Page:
Every “F**king” became “F**kin’.”  You get the idea.

The point here is not to take their choice of lyrics to task, but to demonstrate to you that these guys were dedicated and worked hard.  The lead singer can barely carry a conversation in English, but man, he was committed to singing in it.

They came once a week for about an hour.  They would sing a song and I would digitally record it. Then I would play it back and point out the mistakes and they would practice it again. And again. And again.

That was two years ago.   And they have now begun recording their first original cd – full of the songs that I helped them with.  Today, the lead singer picked me up and took me to the recording studio so I could listen to each track and let them know if it passed the grade to my finely tuned American-rocker-girl ears.

They did.  They sounded great.

Yes, each song was still filled with sex and drugs – it’s only rock-n-roll after all.  But each song also sounded like a real American-style rocker was singing it.  Their Italian accents had been successfully silenced.

These guys had a plan, they sought out someone who could help them, and they persevered. It has taken them two years, but they didn’t give up.  They stuck to it.

As I listened to their recordings today, I was honestly filled with pride.  There wasn’t a hint of ‘W’ in that aforementioned word.  Good job, gentlemen.

Til next time, what endeavor are you thinking about undertaking?  Will it take a long time?  So what! Why not get started now?! Let me know about it! 


For more information on how I may help you achieve your goals, reach out to me here – or please visit my website at 

Copyright 2014 Gina London. All rights reserved.

What’s your Influence?

ɪnflʊəns / noun

 1. Influence – The capacity to have an effect on the character, development, or behavior of someone or something, or the effect itself.

This word – and its layers of meaning – is something I want to explore in 2014.   Maybe you do too.

When I had lunch Monaco with Suzanne Bates, author of Speak Like a CEO and founder of a large consulting firm near Boston, she asked me if I had ever considered writing a book on understanding Influence.

Me? I didn’t think I had enough influence to do so.

She asked me to recall when I had been the first Country Director of the International Republican Institute in Egypt in 2006.  IRI is committed to teaching democracy to developing countries, but somehow, with my staff of just three Egyptian nationals, I was unclear how wide-spread – or influential­ – our workshops and reports would be.

We conducted a few constituent-building training sessions with political parties opposed to the then-Mubarak regime.  And later, after an interview tour of the country, we issued the first-ever “Political Party Assessment” report that, to me, stated the obvious: Egypt’s political landscape was strategically tilted toward the regime’s party.

I did not anticipate the immediate backlash.  The following day, I received a phone call to report to Egypt’s Foreign Ministry. While I was flanked by two US Embassy officials, the Egyptian Deputy Minister politely and firmly announced our program was being shut-down. At the same time, a press release was being sent out essentially declaring me a spy.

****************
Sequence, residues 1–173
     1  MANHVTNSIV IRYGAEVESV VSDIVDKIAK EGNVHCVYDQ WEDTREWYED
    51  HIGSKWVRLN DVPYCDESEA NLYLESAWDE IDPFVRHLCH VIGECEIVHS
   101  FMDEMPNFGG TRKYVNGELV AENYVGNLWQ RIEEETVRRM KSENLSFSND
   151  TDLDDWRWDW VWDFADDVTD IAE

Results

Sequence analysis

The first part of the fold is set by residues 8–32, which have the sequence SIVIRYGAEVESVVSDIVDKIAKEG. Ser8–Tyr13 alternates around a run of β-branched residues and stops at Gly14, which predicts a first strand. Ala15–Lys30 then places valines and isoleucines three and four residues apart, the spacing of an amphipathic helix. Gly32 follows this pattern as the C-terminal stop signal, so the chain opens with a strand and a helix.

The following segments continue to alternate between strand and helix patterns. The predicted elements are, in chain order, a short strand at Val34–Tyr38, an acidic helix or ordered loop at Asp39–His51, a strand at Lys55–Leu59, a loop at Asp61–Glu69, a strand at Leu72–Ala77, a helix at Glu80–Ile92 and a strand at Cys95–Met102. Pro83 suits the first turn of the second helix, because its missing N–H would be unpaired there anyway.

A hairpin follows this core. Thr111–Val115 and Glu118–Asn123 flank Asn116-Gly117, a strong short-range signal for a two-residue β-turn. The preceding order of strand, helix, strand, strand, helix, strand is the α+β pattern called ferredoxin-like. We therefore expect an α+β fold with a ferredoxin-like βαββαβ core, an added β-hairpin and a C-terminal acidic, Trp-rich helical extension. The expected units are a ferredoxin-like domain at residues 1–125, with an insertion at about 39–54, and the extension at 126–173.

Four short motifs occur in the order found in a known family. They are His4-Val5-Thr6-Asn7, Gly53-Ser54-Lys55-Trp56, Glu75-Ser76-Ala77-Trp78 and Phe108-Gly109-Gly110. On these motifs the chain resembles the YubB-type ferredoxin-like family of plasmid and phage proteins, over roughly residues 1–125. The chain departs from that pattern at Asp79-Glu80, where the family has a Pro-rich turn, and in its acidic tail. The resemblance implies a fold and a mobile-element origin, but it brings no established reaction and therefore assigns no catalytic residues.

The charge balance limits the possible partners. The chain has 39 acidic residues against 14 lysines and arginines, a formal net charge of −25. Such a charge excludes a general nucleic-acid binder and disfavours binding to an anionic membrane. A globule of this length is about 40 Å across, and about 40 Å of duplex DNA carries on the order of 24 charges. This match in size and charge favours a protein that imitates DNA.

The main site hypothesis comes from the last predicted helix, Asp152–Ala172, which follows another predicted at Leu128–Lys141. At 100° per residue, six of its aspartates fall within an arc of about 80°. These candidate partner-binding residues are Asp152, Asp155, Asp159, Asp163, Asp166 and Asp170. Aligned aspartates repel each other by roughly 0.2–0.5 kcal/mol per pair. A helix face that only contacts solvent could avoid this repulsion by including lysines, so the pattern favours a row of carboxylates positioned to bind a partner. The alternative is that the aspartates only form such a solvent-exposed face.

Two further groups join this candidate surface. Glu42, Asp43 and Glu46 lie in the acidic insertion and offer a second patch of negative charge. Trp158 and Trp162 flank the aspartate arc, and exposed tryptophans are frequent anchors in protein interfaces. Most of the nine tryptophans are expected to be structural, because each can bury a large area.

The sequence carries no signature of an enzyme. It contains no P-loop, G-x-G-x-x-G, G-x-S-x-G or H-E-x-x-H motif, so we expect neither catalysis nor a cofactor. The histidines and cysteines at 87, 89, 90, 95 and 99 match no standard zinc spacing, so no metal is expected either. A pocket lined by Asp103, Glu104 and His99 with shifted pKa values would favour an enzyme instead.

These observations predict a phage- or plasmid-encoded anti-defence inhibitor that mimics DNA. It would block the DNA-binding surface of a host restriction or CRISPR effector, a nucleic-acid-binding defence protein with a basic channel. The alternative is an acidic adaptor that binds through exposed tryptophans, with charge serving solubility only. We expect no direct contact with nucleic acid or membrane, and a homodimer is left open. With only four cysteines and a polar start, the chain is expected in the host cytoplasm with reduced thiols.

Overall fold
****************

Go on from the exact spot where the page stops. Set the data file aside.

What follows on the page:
Just one of many newspapers during that tense time..
Just one of many newspapers during that tense time..


The next six weeks, my name and photo was slashed across almost every newspaper.  Members of Egypt’s Parliament called for my arrest and finally a newspaper ran a photo of me – with a graphic of a gun-sight over my face – and a banner headline that declared, “Assassinate the Spy.”

The grainy photo is my face behind a gunsight. The headline calls for my "elimination."
The grainy photo is my face behind a gunsight. The headline calls to “Eliminate the Spy.”


The US Embassy and IRI helped me immediately leave the country.

I failed to connect that the work of my small office was greatly magnified by the weight of the United States Congress that closely monitors the work that both IRI and its sister organization, the National Democratic Institute (NDI) do.

I had underestimated the range of my influence then.

And a year ago, when I had my lunch with Suzanne, perhaps I underestimated it again. I didn’t write such a book, and just yesterday, Suzanne’s company announced it had spent the last year researching and developing a science-based model to test for influence.

So, what is influence and how to best leverage it?

Together, we can improve our influence.
Together, we can improve our influence.


I bet we all have more of it than we realize.  I do know that I have communications expertise based on my years as a professional journalist, campaign manager and international trainer.

I want to share that expertise with as many people as I can.   I may no longer have the support of Congress (which might be a good thing) – but together, we can create a butterfly effect of influence. For the positive.

Let’s all strive to better understand – and reinforce – our influence.

If there’s anything you would like to ask me, don’t hesitate!

Til next time!


Copyright 2014 Gina London. All rights reserved.